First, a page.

of NETGEAR. Peter specializes in Internet security as well as network
storage and has over 8 years of experience in the IT industry.
Latest posts by Peter Chen (see all)
- Win a Business Negotiation in Three Simple Steps - August 6, 2013
- How a Virtual Receptionist Helps You Close More Sales - June 30, 2013
- Get More for Your Business – for Free – with Google - June 17, 2013
We’ve all had days where we’ve walked out of the office vowing, “I’ll never set foot in there again!” Yet despite all our bluster, we come back the next day and muddle through our work — paychecks don’t grow on trees. But how would life be different if you never did set foot in the office again?
Many businesses are now looking at remote work to solve their problems. I lead my company from a tropical paradise in Costa Rica. Allowing employees to get their work done from another location can solve some immediate issues — listening to others’ gum-chewing or smelling neighbors’ “interesting” lunch concoctions — but it can also solve some long-term personnel problems as well. A study of 10,000 workers conducted by Kenexa Research Institute showed that employees who telecommuted reported higher job satisfaction rates. These employees also indicated they were less interested in leaving their employers, and felt their companies’ communication was more open than their desk-bound colleagues did.
If you’re considering letting your team take their work out of the office, here are a few pointers to make your staff more comfortable — and more productive — from afar:
Get the Right People in the Right Places
Regardless of where your company conducts business, your employees are the most important facet of your operation. Hiring the right people is crucial, particularly when you will be physically separated from them. When looking for people who will perform at a high level remotely, search for reliability. Employers need to be able to entrust their remote employees with work tasks, and remote employees also need to build trust in order to lessen the psychological gap between themselves and their supervisors. This results in less self-consciousness and higher success rates for remote employees, and a better bottom line for their companies.
It’s also vital to look for people who are compatible with the company culture. People who have a strong passion for the business at hand, and who are flexible, open, and willing to suggest upgrades to processes, are the most valuable to have on your remote team.
Finally, a person with strong communication skills is an asset to a remote work group. Electronic communication can occasionally be interpreted negatively, so it’s essential that your crew is clear, friendly, and interested in forming bonds with their co-workers. These factors will allow the group to overcome misunderstandings quickly — and minimize the chances of misunderstandings in the first place. Just as importantly, a Cornell University review showed that good communication skills reduced the sense of isolation felt by remote workers.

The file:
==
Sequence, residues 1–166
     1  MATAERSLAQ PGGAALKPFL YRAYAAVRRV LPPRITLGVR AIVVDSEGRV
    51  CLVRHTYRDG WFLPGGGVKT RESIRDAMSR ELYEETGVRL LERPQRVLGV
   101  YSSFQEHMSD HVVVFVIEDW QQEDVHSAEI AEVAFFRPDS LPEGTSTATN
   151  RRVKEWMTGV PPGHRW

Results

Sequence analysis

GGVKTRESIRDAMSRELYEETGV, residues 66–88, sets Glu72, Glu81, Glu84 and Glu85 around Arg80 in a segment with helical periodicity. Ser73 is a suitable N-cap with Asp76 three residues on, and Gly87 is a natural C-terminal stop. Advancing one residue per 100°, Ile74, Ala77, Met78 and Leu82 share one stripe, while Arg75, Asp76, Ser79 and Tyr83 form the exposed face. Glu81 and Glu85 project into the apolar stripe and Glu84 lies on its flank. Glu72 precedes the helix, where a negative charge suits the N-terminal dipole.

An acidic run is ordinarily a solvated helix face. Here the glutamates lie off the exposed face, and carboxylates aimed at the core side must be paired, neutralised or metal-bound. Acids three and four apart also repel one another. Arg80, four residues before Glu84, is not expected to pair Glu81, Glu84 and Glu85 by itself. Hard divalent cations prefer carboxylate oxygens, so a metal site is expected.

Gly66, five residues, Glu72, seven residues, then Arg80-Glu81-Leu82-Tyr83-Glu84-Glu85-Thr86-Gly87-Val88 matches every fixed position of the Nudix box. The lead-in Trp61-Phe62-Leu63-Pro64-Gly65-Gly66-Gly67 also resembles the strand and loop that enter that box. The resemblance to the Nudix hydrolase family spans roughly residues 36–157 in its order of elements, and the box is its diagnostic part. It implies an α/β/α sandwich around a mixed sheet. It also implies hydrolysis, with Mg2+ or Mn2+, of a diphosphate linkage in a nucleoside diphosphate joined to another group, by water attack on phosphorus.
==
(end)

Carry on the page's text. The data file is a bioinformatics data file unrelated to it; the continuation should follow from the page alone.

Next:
Managing Mr. and Mrs. Right
Remote supervision depends more upon openness than concrete task management. For example, my company believes in a “top-down” philosophy, and management displays a caring attitude geared toward meeting the needs of the staff. By setting the example we want our employees to follow, we’ve instituted a culture of free-flowing communication.
Our staff communicates via a group Skype chat during the workday. This allows questions to be answered immediately, yet with minimal interruption. Because all projects are collaborative, each staff member writes weekly goals that are discussed with the group. Co-working relationships are enhanced by occasional company retreats.
Many experiences have proven that remote employees’ morale suffers when they aren’t clear on the standards their supervisors expect them to follow. Give your staff some say over their own benchmarks. Make it clear when items need to be prioritized differently or a new task pops up. If someone can be trusted to work remotely, they should also be trusted to understand their workload.
The truth is, not every business model lends itself to a remote setup, including businesses that require micromanagement or a lot of face time. The individual responsibilities of each role need to be considered — your grant writer may be able to work remotely, while your graphic designer may be better suited to a centralized office setting.
Structure is critical to your mission. I live in Costa Rica while running my business, and though living in a tropical paradise could be distracting, my work environment is structured as it would be elsewhere. A real office, with normal work hours, is required for productivity. Access to the necessary amenities — FedEx, Office Depot, banks, etc. — also needs to be taken into account. The Amazon is not a great spot for a remote company branch.
Like the old story about the ant and the grasshopper, remote work requires that you understand yourself and your staff intimately. If the company CFO is more of a grasshopper and finds himself easily distracted, he’s not going to succeed as a remote worker. Be honest with yourself and your staff: don’t set a great employee up for failure by granting an opportunity that’s a bad fit.
With due diligence, a solid hiring philosophy, and a thorough understanding of your systems, your company can find success in remote work. Improving job satisfaction among staff by allowing them to work from a location of their choosing improves your satisfaction as well — you’ll get better productivity, stronger communication and a willingness to go the extra mile. And when your employees talk about never coming back to the office, you’ll know they mean it in the best way.